Exclusive: ECB’s Kazāks: Haven’t Kept Current Tight Policy in Place Long Enough

28 February 2024

By David Barwick – GHENT, Belgium (Econostream) – It remains too soon for the European Central Bank to consider the current level of monetary restrictiveness to have been maintained long enough, given uncertainty about developments and the need to avoid a resurgence of inflation, Governing Council member Mārtiņš Kazāks said Friday.

In an interview (transcript here) on the margins of a EUROFI conference, Kazāks, who heads Latvijas Banka, readily acknowledged that authorities saw ‘very clearly that there are disinflationary processes at work and that monetary policy transmission is effective.’

‘We are in a relatively good situation’, he continued. ‘But can we already say that we are done? No, not yet.’

Policymakers still had to observe the evolution of ‘various elements’ in their quest to ward off a rebound of inflation, he said. Once sure on this count, policy decisions would reflect that, but the timing remained data-dependent, he said.

Although the March Governing Council meeting would bring the important additional information of the revised projections, there wasn’t ‘one single path’ to price stability, and rate cuts could come sooner and be smaller or come later and be bigger, as well as be distributed over time unevenly, he said.

‘All this is going to be part of the discussion when the time comes’, he said. ‘Yes, there have been a couple of positive inflation surprises over the past month, which is good. But let's not get ahead of ourselves.’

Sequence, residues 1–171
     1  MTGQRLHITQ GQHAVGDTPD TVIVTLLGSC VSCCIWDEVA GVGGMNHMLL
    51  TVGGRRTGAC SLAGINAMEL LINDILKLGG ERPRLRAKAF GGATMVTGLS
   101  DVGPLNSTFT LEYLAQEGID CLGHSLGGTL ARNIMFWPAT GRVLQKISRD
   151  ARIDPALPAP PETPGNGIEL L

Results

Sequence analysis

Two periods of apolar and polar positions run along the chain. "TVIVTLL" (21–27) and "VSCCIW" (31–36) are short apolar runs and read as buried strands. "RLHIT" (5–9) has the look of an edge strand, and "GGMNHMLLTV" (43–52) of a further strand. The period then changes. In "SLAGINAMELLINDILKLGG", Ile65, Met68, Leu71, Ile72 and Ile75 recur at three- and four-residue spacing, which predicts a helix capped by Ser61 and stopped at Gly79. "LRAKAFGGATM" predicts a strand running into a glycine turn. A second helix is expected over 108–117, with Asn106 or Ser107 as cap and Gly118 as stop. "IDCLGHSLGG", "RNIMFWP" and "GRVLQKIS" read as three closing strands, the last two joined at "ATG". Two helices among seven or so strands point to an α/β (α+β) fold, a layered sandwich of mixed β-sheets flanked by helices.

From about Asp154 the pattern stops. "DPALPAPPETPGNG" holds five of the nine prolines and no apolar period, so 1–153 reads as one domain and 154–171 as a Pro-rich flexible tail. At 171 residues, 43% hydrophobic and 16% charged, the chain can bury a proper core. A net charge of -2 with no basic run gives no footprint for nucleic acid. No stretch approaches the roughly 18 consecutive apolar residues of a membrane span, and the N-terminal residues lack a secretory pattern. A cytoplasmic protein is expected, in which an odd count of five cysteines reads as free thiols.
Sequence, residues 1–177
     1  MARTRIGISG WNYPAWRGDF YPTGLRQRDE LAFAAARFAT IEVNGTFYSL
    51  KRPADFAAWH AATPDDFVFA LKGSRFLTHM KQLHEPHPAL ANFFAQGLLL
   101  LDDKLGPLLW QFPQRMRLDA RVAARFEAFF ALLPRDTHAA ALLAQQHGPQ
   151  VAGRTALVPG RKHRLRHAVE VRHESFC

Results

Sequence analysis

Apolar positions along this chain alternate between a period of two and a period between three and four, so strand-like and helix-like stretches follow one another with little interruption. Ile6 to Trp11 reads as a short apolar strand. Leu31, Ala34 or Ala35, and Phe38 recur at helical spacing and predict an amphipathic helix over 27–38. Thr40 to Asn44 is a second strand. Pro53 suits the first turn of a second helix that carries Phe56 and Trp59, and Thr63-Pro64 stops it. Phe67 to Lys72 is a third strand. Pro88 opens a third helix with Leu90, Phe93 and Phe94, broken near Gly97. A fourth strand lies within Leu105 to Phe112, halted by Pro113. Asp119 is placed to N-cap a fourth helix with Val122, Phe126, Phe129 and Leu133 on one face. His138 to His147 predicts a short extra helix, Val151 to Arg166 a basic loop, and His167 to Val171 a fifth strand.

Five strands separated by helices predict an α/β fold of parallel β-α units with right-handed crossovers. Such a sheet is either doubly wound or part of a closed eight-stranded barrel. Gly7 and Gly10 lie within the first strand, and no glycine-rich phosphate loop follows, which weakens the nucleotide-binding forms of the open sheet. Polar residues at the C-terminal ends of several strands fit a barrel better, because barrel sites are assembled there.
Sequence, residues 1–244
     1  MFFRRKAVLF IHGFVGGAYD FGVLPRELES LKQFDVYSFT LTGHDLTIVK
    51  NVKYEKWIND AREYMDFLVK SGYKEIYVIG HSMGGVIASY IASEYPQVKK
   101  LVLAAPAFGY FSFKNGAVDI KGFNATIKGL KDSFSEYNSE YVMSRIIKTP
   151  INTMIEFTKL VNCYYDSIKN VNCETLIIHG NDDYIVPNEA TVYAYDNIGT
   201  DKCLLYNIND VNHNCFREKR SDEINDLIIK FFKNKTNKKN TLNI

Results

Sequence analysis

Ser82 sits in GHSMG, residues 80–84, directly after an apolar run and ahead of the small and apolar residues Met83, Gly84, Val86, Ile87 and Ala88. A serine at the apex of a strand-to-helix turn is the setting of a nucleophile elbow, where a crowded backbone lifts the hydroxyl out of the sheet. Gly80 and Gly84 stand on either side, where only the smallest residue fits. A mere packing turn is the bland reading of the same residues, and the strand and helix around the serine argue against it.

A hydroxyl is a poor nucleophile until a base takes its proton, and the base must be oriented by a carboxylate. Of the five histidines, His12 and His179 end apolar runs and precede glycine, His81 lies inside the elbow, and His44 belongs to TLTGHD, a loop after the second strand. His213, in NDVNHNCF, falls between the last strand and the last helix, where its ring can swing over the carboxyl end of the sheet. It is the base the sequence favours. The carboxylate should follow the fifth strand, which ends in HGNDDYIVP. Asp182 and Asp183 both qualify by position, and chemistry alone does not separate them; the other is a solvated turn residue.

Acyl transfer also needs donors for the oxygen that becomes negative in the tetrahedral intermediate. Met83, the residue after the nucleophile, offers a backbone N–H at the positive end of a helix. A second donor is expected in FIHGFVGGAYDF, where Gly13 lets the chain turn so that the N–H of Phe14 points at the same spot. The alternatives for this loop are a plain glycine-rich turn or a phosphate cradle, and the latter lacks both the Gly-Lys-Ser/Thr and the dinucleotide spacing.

A lesson to be drawn from the experiences of the 1970s and 1980s was that ‘there is a risk of moving too early’, he said, and ‘it would be a very bad outcome if we moved too early and were then forced to hike interest rates again to tame resurgent inflation.’

‘That scenario should be avoided’, he said.

It was in any case only ‘a matter of meetings, which is a question of months or quarters’, until, barring an unexpected development, the first rate cut would come, he noted. He dismissed talk of the ECB getting behind the curve, observing that such a judgment would imply a unique path to the ECB’s target, when in fact there were many.

‘I have a hard time imagining us being massively late; we are reading the same data that the market is reading’, he said. ‘What we know is that inflation has a trick up its sleeve, and that is stickiness, which we’ve seen in the past. We have to make sure that this trick is not played on us this time, and our data-driven approach to gaining the necessary confidence is very appropriate.’

The fact that there was not much difference economically between starting to loosen policy in April or in June did not mean that the risks were distributed equally, he suggested. Labour markets were still robust, and the economy was merely going through ‘a somewhat soft patch rather than a sharp and deep recession’, he said.

‘We’re not going to drag things out forever’, he said. ‘But rushing in this case would be risky. So, let’s see the data.’

Kazāks reminded that market rate expectations were among the underlying assumptions of the macroeconomic projections due to be updated at the upcoming monetary policy meeting.

‘So, lower rates are already kind of baked into the forecast’, he said. ‘If we very smoothly slow down to 2%, do we need to cut more than that? Why? We're just losing policy space, potentially just pushing up inflation.’

The present situation called for patience, he urged.

‘Let's make sure that the problem is really resolved before we start cutting rates’, he said. ‘The prospect of tightening again because of having started the process too early is a nasty one. Then the economy would really need to suffer.’

It should be recalled that some important data, in particular with respect to the labour market, would only be available ‘later in the spring’, he said.

Still, patience should not be understood as reluctance to respond promptly to any sudden changes, he indicated.

If the data tell us so, we can move very quickly’, he said. ‘But let’s wait for the data to tell it. At the moment, I don't see the data telling us to move.’